twenty pounds weight of shot in the small rider's pockets,
    to make him weight; but with all that he outstripped Ariel
    and Barbare, against whom he ran, by at least three whole
    lengths."

    "And was it not found out at last to whom the horse and
    jockey belonged?"

    "No."

    "You say that the horse was entered under the name of
    Vampa?"

    "Exactly; that was the title."

    "Then," answered Albert, "I am better informed than you are,
    and know who the owner of that horse was."

    "Shut up, there!" cried the pit in chorus. And this time the
    tone and manner in which the command was given, betokened
    such growing hostility that the two young men perceived, for
    the first time, that the mandate was addressed to them.
    Leisurely turning round, they calmly scrutinized the various
    countenances around them, as though demanding some one
    person who would take upon himself the responsibility of
    what they deemed excessive impertinence; but as no one
    responded to the challenge, the friends turned again to the
    front of the theatre, and affected to busy themselves with
    the stage. At this moment the door of the minister's box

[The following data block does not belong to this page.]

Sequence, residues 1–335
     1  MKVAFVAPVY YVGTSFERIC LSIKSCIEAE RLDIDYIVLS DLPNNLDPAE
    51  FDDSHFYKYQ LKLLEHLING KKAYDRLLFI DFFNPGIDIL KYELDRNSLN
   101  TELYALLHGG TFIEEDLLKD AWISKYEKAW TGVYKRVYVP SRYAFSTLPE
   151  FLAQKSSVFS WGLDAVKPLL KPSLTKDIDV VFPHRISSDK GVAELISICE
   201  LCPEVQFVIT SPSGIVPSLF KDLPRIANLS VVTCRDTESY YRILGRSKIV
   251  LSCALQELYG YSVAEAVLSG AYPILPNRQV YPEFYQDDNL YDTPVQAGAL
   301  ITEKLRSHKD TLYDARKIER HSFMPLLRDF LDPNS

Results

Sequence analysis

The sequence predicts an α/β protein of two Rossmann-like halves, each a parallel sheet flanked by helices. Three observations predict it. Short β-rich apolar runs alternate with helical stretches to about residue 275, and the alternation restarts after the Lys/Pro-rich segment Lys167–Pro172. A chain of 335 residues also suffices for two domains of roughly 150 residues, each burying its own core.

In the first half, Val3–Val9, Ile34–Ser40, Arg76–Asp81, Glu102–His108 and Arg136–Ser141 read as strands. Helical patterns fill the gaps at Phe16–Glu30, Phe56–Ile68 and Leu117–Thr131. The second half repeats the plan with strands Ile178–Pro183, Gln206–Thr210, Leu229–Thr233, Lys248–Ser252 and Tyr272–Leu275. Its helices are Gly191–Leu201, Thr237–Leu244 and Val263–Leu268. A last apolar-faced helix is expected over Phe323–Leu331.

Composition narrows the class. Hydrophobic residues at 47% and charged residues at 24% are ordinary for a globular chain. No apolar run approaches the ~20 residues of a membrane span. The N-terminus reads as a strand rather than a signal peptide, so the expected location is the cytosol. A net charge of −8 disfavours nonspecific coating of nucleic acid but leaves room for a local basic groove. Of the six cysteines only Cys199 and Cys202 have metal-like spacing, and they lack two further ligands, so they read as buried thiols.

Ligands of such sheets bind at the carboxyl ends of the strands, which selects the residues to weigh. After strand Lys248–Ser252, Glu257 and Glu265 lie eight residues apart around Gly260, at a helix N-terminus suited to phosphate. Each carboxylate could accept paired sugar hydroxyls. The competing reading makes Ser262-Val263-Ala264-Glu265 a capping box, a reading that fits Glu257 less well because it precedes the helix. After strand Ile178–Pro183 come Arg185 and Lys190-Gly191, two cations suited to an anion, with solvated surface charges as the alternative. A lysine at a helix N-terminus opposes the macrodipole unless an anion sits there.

opened, and Madame Danglars, accompanied by her daughter,
    entered, escorted by Lucien Debray, who assiduously
    conducted them to their seats.

    "Ha, ha," said Chateau-Renaud, "here comes some friends of
    yours, viscount! What are you looking at there? don't you
    see they are trying to catch your eye?" Albert turned round,
    just in time to receive a gracious wave of the fan from the
    baroness; as for Mademoiselle Eugenie, she scarcely
    vouchsafed to waste the glances of her large black eyes even
    upon the business of the stage. "I tell you what, my dear
    fellow," said Chateau-Renaud, "I cannot imagine what
    objection you can possibly have to Mademoiselle Danglars --
    that is, setting aside her want of ancestry and somewhat
    inferior rank, which by the way I don't think you care very
    much about. Now, barring all that, I mean to say she is a
    deuced fine girl!"

    "Handsome, certainly," replied Albert, "but not to my taste,
    which I confess, inclines to something softer, gentler, and
    more feminine."

    "Ah, well," exclaimed Chateau-Renaud, who because he had
    seen his thirtieth summer fancied himself duly warranted in
    assuming a sort of paternal air with his more youthful
    friend, "you young people are never satisfied; why, what
    would you have more? your parents have chosen you a bride